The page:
South Georgia Newsletter, September 2013

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- Disclaimer: This newsletter is not produced by GSGSSI; it does not necessarily reflect their views.



Fishing Vessel Safety

As part of an initiative to ensure all licensed fishing vessels are of a good standard, GSGSSI are undertaking inspections of all vessels to check their compliance with the Torremolinos Protocol on Fishing Vessel Safety. The Torremolinos International Convention for the Safety of Fishing Vessels was adopted in 1977 but, for technical reasons, never came into force. It was superseded by the 1993 Torremolinos Protocol and more recently, by the Cape Town Agreement of 2012 on the Implementation of the Provisions of the 1993 Protocol relating to the Torremolinos International Convention for the Safety of Fishing Vessels, 1977.


All UK flagged vessels are inspected for compliance with the Torremolinos Protocol as part of their standard Maritime and Coastguard Agency (MCA) safety inspection. For non-UK vessels GSGSSI have called upon the services of specialist consultant Cedric Loughran, who is the former head of Fishing Vessel Safety at the UK MCA, to undertake the inspections.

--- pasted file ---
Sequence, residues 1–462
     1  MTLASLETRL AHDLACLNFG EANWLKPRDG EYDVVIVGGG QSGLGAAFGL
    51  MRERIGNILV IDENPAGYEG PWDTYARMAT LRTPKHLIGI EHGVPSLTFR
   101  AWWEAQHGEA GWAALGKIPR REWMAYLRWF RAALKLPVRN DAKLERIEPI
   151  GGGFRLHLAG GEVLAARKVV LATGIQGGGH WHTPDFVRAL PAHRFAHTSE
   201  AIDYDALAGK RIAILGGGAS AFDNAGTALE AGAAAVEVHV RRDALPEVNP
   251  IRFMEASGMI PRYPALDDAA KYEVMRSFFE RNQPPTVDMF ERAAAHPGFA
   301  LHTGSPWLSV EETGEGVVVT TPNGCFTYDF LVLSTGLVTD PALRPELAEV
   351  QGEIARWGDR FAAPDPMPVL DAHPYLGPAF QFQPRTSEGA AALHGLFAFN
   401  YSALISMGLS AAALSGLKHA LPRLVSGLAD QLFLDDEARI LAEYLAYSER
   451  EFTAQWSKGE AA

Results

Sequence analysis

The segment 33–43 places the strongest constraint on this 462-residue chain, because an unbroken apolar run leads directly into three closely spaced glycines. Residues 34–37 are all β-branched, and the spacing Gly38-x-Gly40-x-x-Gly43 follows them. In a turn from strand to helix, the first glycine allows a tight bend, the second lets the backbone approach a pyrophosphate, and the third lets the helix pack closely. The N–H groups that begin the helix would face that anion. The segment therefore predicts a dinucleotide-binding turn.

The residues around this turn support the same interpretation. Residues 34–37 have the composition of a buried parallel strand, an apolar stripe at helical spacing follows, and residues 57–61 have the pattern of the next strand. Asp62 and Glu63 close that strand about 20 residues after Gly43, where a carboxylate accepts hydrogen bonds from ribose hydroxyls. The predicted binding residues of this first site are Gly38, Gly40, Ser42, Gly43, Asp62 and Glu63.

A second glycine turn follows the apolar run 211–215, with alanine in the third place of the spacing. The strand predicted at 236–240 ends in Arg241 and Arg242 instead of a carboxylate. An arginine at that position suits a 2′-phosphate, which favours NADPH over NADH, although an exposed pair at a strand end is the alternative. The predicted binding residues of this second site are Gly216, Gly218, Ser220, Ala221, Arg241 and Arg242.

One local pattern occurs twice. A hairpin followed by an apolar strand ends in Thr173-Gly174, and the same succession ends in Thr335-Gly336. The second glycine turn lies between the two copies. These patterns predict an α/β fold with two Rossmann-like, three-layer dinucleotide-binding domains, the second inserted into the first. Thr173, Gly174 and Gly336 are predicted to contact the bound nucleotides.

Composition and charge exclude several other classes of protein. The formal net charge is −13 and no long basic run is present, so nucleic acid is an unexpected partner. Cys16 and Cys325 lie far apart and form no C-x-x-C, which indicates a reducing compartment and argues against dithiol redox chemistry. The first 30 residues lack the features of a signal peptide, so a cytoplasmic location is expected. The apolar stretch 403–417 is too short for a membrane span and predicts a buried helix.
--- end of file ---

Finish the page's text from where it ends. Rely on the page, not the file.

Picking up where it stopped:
The inspections focus on the safety of the vessel, vessel maintenance and the suitability of the living and working quarters. A typical inspection involves a thorough check of the ship’s papers, a full tour of the vessel to look for any safety issues and the witnessing of a safety drill.


This season all the toothfish longliners were inspected either before the season started or during mid-season off-load. All six vessels passed the inspections and Mr Loughran was impressed with standard on all the vessels. All four icefish vessels were also of a high standard and passed their inspections with no deficiencies.


Arranging inspections for the krill trawlers has proved more challenging, as the vessels apply for licences at short notice. So far four krill vessels have been inspected. Of these two passed without any issues. A further vessel was required to address minor issues in the engine room and crew’s washrooms, whilst one vessel failed the inspection. Two other vessels are due for inspection in October.


For the 2014 season all vessels must have been inspected prior to receiving a licence to fish in the SGSSI Maritime Zone. Once a vessel has passed muster, she will not need to be inspected again for 2 years.